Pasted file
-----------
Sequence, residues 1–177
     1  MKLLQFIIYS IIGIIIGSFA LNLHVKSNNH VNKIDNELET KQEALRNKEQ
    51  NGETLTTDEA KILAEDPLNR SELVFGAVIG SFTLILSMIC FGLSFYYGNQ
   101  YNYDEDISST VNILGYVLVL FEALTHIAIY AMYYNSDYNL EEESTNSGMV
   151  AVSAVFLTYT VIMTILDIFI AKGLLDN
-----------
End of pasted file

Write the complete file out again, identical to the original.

Sequence, residues 1–177
     1  MKLLQFIIYS IIGIIIGSFA LNLHVKSNNH VNKIDNELET KQEALRNKEQ
    51  NGETLTTDEA KILAEDPLNR SELVFGAVIG SFTLILSMIC FGLSFYYGNQ
   101  YNYDEDISST VNILGYVLVL FEALTHIAIY AMYYNSDYNL EEESTNSGMV
   151  AVSAVFLTYT VIMTILDIFI AKGLLDN